As a tenant, entering into a commercial (or retail) lease is a big decision and requires substantial commitment, especially financially.

On top of rent and outgoings (which sometimes also include a promotion levy) which you must pay during your term, there are other types of security and payments that you may need to provide to the landlord before your lease commences.

We look at the different types of payments and securities which your landlord may ask you to provide on signing a lease, along with the associated risks.

Bank Guarantee/Security Deposit

All commercial leases will usually require either a bank guarantee or a security deposit (usually a cash bond), which is a sum of money the tenant provides before the commencement of the lease. 

Security Deposit

A landlord will generally lodge a security deposit with the government department responsible for administering retail leases. For commercial leasing, there is no requirement to lodge a security deposit. As such, a landlord can hold on to this money during the term. 

Bank Guarantee

A bank guarantee can take up to 28 days for a bank to process from the tenant’s first application. It’s then crucial for tenants to plan ahead if they intend to obtain the type of security.

Why Does the Landlord Require Security?

This security is the landlord’s protection in case a tenant breaches the lease or does not pay rent when it is owing.

The lease will usually set out the following: 

  • the conditions under which the landlord can apply the bank guarantee or security deposit, and
  • an obligation on the tenant to ‘top up’ any amount the landlord has used.

This guarantee or deposit will also usually increase in proportion to any increase in rent. For example, it may need to be topped up with each rent increase annually during the 5-year lease.                            

The landlord will return the guarantee or deposit to the tenant at the end of the lease, less any outstanding amount owing. For example, if the tenant does not make good the property, the landlord may draw on the security and return the balance.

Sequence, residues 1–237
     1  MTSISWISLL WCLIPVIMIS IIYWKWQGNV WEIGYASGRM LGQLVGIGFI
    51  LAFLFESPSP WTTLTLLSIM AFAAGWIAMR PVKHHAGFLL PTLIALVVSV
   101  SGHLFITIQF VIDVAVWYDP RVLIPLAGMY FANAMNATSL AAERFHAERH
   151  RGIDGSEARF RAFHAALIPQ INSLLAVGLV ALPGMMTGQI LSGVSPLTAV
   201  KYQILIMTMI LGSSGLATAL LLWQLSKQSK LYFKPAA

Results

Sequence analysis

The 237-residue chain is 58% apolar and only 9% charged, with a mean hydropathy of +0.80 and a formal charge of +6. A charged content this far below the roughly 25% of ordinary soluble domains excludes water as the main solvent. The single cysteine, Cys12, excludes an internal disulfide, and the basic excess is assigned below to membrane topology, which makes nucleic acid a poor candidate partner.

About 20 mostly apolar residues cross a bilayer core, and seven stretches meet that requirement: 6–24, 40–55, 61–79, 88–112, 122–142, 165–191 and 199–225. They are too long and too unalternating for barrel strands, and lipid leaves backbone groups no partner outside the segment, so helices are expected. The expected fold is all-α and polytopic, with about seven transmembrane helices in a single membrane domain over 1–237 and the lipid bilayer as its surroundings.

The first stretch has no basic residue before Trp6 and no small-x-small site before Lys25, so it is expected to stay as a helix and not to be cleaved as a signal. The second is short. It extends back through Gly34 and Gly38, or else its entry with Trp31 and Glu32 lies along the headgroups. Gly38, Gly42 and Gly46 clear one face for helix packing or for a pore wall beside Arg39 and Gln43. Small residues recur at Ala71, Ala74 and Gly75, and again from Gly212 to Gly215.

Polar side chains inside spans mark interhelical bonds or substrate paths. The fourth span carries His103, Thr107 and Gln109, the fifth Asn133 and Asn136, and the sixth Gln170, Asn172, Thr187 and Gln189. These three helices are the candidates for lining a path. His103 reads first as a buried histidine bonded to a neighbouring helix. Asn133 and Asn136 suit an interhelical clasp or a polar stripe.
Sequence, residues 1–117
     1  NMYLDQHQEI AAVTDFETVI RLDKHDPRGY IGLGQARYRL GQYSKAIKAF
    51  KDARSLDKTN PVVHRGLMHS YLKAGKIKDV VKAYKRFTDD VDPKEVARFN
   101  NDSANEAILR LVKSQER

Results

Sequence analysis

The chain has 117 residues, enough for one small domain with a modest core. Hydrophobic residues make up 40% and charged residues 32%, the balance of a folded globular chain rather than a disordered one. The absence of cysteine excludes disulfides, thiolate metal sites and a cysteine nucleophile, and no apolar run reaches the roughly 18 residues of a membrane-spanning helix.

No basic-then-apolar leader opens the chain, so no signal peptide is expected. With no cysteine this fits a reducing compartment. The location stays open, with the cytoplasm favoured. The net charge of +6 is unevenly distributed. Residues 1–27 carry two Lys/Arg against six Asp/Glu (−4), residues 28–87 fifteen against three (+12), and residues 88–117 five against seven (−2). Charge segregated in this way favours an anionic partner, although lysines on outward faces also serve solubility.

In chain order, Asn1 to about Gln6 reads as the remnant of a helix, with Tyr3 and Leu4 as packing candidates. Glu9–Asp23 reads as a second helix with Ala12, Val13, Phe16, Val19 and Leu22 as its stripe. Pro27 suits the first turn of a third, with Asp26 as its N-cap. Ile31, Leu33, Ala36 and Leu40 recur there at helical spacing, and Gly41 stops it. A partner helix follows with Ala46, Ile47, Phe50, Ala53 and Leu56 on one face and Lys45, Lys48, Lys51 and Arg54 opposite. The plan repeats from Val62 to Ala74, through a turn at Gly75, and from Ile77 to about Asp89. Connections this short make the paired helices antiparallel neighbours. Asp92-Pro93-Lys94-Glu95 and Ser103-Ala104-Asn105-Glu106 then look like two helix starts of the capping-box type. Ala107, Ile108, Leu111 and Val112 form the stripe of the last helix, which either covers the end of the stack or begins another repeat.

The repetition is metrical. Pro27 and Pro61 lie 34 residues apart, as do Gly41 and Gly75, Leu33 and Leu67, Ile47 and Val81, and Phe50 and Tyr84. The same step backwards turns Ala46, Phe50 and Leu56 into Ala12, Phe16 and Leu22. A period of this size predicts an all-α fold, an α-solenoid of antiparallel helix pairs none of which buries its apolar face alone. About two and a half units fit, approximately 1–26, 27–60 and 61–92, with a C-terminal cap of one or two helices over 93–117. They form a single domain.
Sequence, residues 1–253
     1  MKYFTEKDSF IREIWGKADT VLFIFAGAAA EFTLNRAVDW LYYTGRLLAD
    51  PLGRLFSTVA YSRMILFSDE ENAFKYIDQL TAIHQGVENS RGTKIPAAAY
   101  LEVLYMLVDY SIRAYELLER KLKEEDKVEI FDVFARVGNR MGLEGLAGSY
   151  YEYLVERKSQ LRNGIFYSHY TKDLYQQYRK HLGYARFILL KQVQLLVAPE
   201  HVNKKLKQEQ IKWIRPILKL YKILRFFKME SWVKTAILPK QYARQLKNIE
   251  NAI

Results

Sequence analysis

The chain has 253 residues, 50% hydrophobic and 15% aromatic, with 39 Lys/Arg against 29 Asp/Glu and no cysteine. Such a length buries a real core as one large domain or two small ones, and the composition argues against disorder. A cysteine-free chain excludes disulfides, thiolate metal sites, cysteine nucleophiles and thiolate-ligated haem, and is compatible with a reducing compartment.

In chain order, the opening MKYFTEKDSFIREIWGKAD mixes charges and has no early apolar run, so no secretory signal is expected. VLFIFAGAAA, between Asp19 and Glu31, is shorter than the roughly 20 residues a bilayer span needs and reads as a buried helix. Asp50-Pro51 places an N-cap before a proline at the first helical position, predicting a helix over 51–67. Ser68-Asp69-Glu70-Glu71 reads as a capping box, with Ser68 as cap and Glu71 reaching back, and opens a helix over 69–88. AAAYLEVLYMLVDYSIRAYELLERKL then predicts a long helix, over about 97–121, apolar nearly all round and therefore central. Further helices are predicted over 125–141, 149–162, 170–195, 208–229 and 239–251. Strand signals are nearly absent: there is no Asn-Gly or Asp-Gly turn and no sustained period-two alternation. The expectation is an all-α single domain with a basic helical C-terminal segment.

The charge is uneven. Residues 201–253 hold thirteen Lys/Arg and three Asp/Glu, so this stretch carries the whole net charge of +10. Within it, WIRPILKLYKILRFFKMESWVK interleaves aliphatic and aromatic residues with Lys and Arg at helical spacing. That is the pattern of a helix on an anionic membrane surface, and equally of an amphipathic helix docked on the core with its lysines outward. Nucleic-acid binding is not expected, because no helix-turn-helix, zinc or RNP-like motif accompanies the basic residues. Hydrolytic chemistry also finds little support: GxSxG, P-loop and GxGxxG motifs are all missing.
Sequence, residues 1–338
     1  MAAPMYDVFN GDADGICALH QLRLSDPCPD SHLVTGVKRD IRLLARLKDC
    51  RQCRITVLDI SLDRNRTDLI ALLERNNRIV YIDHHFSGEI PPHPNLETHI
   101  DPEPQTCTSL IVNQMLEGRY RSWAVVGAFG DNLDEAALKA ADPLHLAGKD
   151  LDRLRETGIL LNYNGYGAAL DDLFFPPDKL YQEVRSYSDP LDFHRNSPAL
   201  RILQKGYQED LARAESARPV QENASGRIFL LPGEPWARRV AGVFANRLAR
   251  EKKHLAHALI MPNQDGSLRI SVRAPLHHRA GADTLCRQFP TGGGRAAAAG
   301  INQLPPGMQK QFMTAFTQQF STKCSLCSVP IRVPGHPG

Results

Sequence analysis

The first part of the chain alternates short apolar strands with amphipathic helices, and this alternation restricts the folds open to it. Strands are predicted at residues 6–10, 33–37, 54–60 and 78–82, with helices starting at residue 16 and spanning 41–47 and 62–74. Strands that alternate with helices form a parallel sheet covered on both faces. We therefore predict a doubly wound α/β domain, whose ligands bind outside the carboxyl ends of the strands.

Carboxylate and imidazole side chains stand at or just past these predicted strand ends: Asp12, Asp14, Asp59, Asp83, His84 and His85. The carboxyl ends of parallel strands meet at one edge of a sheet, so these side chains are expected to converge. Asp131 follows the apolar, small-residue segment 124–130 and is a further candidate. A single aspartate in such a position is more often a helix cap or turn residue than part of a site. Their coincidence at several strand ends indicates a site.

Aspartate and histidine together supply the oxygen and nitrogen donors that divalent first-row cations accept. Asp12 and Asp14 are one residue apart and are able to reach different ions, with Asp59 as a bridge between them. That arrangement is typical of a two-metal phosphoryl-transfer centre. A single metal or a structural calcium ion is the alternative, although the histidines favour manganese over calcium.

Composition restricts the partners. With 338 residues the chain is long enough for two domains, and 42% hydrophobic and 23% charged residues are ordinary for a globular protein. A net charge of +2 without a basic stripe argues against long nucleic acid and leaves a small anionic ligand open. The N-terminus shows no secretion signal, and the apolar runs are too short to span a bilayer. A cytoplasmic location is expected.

Personal Guarantee

If a tenant enters into the lease as a limited liability (Pty Ltd) company, a landlord will commonly request a personal guarantee from all the directors. A tenant will often require the tenant to provide the personal guarantee in addition to a bank guarantee or security deposit.

While the bank guarantee (or security deposit) is security for the lease, the personal guarantee is the landlord’s security for the tenant’s company.

A personal guarantee does not require the tenant (or the company directors) to provide any money up front. If the tenant never breaches the lease and pays rent on time, the landlord may never draw on the guarantee. Personal guarantees can, however, place the personal assets of the guarantors at risk (e.g. home or motor vehicle).

Tenants may consider alternatives to a personal guarantee, such as:

  • offering to increase the security deposit or bank guarantee instead of providing a personal guarantee; or
  • requesting a cap on the personal guarantee (e.g. a limit of $20,000).

Although it’s sensible to avoid offering up a personal guarantee, the commercial reality is that a landlord may insist upon it. If this is the case, the tenant should seek financial advice to understand how, if called upon, providing a personal guarantee will impact their assets.

Key Takeaways

Commercial (or retail) leases often require different types of security, including a bank guarantee or security deposit or a personal guarantee. A security deposit (or bank guarantee) and personal guarantee have different purposes and it is not uncommon for a landlord to require the tenant provide both. Where possible, tenants should avoid personal guarantees and if they are unavoidable, seek financial advice.

If you have any questions about the types of securities and deposits you must provide or need assistance reviewing your lease, get in touch with our specialist commercial leasing lawyers on 1300 544 755.

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